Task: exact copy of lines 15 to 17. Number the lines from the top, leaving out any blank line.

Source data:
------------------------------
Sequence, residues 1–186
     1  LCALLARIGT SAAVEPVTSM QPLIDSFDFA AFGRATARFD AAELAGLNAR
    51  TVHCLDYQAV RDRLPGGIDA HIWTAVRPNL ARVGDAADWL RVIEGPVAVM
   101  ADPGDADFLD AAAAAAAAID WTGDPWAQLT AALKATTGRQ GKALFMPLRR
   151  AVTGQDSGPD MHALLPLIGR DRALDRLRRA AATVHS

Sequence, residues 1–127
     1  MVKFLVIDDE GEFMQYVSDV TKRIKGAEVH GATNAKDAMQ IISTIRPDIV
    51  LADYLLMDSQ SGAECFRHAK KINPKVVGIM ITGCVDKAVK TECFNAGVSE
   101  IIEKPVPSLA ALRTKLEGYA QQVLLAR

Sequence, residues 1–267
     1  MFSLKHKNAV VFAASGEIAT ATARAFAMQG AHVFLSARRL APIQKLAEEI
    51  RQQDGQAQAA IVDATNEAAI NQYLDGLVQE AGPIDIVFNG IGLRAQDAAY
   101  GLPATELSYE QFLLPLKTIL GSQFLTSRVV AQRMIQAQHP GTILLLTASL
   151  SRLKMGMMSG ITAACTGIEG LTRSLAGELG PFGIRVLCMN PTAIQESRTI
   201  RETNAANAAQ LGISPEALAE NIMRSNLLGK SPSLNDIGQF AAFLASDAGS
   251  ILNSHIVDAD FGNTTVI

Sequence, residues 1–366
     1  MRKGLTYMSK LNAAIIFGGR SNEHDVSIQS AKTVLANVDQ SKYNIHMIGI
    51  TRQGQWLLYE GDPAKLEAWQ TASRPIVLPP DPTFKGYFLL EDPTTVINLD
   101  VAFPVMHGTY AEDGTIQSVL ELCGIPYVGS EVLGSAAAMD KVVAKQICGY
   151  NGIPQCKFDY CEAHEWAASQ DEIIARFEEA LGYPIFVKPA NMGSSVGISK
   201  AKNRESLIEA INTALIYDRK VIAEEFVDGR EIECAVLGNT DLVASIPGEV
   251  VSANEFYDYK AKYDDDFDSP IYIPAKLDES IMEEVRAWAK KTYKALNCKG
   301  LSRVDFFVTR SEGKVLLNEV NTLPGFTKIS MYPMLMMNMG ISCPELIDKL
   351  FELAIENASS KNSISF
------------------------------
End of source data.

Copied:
   201  RETNAANAAQ LGISPEALAE NIMRSNLLGK SPSLNDIGQF AAFLASDAGS
   251  ILNSHIVDAD FGNTTVI

Sequence, residues 1–366